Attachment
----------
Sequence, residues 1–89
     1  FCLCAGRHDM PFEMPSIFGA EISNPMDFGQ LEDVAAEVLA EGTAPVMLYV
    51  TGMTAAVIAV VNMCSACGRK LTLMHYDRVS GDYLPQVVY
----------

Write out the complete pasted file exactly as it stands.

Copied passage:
Sequence, residues 1–89
     1  FCLCAGRHDM PFEMPSIFGA EISNPMDFGQ LEDVAAEVLA EGTAPVMLYV
    51  TGMTAAVIAV VNMCSACGRK LTLMHYDRVS GDYLPQVVY